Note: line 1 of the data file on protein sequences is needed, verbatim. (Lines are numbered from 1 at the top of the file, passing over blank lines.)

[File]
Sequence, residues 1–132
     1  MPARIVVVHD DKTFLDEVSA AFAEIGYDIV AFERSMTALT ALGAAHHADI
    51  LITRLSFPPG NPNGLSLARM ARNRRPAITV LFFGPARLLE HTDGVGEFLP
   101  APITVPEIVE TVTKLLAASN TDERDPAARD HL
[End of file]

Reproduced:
Sequence, residues 1–132